The 2019 Mazda 6 doesn’t make a bad step.
This year, the mid-size sedan returns mostly unchanged from last year’s version, albeit with standard safety hardware that was optional last year.
We give the sedan a 6.3 that belies our feelings about it: full safety information isn’t yet in that could raise its score, and base models skip smartphone compatibility that we’d consider essential. (Read more about how we rate cars.)
Review continues below
The 2019 6 is available in five trim levels: Sport, Touring, Grand Touring, Grand Touring Reserve, and Signature.
The 2019 Mazda 6 isn’t just a standout among sedans, it’s also a standout in the parking lot against everything else. The exterior shapes are remarkable, flowing, and so far, unrivaled. The interior couldn’t live up to the sheet metal, but it performs admirably.
Under the hoods of most Mazda 6 sedans is a 2.5-liter inline-4 that makes 187 horsepower and is hooked to a 6-speed automatic—the 6-speed manual transmission hit the bricks this year.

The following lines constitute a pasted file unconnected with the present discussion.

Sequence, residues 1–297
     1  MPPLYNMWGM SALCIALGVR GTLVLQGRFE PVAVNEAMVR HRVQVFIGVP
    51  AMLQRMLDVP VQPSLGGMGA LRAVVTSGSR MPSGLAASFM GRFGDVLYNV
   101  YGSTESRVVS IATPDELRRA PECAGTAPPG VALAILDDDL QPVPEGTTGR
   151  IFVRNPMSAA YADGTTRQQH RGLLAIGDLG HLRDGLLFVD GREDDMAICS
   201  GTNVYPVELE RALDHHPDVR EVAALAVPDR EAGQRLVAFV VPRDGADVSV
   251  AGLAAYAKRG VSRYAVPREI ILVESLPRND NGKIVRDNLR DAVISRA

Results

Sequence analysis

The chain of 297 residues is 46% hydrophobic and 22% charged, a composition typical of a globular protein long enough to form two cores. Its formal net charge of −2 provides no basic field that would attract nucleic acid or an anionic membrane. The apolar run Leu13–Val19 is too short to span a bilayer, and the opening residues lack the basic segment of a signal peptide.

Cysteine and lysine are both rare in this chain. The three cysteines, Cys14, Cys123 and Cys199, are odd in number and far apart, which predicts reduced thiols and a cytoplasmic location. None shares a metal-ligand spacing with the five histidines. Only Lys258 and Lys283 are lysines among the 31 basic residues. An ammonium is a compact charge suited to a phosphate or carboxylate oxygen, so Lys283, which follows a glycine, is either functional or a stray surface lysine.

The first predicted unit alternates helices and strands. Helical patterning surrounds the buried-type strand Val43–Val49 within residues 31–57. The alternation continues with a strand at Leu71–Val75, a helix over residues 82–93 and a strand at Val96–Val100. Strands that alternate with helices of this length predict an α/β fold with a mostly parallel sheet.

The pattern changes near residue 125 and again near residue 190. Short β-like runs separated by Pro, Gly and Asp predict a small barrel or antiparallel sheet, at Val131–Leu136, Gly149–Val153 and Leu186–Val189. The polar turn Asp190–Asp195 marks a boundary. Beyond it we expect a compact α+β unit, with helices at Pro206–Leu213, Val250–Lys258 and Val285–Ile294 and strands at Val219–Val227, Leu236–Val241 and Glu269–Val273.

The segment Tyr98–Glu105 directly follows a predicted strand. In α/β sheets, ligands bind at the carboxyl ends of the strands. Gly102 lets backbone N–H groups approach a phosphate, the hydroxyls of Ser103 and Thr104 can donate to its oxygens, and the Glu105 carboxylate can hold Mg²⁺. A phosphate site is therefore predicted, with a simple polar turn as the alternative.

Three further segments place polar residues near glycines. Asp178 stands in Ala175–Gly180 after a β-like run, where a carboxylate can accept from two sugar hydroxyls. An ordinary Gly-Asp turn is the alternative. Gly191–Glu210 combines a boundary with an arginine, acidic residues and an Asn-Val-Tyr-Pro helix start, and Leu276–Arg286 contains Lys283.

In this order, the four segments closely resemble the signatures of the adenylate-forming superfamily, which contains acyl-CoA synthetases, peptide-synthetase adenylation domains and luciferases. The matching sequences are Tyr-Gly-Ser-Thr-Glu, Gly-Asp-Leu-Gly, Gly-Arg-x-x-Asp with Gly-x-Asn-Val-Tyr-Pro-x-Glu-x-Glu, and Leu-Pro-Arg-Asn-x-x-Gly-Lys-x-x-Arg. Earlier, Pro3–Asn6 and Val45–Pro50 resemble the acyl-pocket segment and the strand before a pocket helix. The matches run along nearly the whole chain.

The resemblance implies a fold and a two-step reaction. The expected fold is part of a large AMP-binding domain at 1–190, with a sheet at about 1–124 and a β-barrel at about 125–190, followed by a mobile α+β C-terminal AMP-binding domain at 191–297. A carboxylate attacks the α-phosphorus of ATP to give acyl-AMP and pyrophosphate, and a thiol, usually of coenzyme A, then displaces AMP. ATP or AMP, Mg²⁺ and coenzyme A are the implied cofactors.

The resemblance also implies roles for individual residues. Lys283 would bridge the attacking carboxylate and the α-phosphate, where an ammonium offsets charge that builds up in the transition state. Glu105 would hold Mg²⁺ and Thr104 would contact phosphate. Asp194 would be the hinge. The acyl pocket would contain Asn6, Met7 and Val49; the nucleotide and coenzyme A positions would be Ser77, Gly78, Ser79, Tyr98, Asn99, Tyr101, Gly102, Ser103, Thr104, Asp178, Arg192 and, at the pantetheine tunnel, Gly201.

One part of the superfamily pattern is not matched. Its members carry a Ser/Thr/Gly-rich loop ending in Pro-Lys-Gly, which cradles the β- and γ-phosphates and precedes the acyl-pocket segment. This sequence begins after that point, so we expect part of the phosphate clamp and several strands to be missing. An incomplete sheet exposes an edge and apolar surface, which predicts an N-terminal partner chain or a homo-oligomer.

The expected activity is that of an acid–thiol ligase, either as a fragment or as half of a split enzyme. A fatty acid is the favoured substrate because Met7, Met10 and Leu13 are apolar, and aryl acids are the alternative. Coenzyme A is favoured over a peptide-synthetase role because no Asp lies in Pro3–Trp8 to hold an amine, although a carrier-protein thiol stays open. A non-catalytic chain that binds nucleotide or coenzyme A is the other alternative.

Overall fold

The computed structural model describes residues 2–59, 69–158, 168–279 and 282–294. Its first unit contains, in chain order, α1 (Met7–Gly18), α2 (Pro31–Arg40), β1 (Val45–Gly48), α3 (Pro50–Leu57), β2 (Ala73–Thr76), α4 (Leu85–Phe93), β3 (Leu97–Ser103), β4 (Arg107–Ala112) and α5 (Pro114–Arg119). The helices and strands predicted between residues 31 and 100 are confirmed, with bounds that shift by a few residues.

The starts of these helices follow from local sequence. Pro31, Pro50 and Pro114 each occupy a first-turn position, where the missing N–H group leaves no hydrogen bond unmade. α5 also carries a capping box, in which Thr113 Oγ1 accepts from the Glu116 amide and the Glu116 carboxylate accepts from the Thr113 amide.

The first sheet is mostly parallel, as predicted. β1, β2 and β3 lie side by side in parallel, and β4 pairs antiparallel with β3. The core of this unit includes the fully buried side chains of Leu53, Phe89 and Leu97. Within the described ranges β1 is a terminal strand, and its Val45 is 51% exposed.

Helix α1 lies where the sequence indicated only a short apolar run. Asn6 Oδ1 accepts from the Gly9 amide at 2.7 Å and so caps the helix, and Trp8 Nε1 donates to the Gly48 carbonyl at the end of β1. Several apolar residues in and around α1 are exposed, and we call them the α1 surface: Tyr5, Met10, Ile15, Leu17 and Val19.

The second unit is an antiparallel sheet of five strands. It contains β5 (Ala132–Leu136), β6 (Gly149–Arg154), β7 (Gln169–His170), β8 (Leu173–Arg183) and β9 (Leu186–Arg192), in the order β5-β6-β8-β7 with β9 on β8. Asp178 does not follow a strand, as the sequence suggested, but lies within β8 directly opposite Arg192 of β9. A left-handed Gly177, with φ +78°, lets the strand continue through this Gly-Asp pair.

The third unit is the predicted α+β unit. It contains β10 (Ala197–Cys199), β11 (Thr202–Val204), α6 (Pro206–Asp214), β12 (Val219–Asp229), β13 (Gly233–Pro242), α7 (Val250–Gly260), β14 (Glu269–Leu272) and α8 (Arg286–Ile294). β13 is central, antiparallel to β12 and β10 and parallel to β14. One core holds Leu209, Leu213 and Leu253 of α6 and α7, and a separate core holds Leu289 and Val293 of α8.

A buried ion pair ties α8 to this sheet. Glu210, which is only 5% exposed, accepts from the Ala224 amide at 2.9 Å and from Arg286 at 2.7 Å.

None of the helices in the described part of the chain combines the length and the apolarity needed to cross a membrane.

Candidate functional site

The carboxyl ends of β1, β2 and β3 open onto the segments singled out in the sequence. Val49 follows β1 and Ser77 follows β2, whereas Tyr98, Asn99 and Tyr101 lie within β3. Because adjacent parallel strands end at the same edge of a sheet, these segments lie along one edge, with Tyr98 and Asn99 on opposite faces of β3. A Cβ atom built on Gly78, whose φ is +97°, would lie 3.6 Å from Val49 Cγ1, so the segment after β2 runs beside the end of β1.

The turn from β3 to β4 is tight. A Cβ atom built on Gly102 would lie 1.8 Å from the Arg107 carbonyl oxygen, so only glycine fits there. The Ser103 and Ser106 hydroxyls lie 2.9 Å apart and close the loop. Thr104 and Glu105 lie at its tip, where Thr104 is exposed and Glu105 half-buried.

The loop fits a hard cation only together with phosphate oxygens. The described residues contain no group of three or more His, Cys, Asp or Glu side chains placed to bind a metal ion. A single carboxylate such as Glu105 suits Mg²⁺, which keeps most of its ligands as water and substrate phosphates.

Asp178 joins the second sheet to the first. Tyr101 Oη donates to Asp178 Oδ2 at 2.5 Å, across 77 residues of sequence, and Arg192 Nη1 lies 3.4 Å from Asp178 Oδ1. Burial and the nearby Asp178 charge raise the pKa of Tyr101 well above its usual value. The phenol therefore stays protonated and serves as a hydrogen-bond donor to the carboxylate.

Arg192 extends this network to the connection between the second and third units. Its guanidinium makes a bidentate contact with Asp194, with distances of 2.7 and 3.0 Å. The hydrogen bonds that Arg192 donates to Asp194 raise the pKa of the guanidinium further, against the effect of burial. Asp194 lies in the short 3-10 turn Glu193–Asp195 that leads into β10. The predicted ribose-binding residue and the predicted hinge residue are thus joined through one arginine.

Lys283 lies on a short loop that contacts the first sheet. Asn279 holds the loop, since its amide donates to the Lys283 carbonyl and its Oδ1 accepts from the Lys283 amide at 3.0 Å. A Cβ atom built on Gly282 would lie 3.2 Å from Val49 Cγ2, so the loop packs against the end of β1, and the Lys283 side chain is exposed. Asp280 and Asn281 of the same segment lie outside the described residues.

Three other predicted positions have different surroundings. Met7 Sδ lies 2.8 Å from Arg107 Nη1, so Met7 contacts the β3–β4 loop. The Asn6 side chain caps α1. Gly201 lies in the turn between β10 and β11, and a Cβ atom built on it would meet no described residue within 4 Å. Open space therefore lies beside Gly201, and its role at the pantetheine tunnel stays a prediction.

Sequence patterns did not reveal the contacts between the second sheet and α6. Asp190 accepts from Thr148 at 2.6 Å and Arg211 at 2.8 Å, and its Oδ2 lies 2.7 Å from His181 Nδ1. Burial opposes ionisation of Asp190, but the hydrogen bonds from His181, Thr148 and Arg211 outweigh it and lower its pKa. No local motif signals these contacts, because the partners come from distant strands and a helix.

A 250-hp turbo-4 is optional and helps the Mazda 6 live up to its performance potential, but those versions crest $30,000. The EPA rates the most common engine at 29 mpg combined.
We’re content wriggling around with the superb handling in the 6 that’s standard on every model.
Four adults will fit just fine, but the Mazda 6’s age relative to its competitors shows inside. The standard 8.0-inch touchscreen is bolted on to the dash and competitors from Honda and Nissan have more comfortable seats. The trunk of the 6 is on the small side, but 60/40-split folding rear seats help.
This year, every Mazda 6 gets standard automatic emergency braking, active lane control, blind-spot monitors, and adaptive cruise control. The feds gave it a five-star score and the IIHS has said good things about prior years.
Base models cost $24,720 and include 17-inch wheels, cloth upholstery, power features, Bluetooth connectivity, two USB inputs, dual-zone climate control, and an 8.0-inch touchscreen for infotainment. What’s missing? Apple CarPlay and Android Auto compatibility that would rescue us from Mazda’s frustrating infotainment software. Step up to the Touring trim level and the smartphones systems take over and rescue us from distraction.